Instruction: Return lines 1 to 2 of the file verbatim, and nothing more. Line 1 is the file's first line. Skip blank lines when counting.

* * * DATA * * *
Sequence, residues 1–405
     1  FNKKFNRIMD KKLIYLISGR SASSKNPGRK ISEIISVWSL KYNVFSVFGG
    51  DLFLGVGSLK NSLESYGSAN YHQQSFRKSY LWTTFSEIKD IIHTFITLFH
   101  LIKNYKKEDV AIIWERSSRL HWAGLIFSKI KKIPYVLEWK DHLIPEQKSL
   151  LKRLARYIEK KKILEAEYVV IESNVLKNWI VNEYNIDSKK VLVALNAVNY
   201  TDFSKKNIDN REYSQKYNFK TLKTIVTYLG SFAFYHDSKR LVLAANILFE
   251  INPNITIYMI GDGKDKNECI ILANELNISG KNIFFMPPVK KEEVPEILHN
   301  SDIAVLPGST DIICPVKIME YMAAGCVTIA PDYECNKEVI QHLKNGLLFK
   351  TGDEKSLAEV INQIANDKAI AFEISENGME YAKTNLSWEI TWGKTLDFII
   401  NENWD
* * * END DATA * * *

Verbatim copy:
Sequence, residues 1–405
     1  FNKKFNRIMD KKLIYLISGR SASSKNPGRK ISEIISVWSL KYNVFSVFGG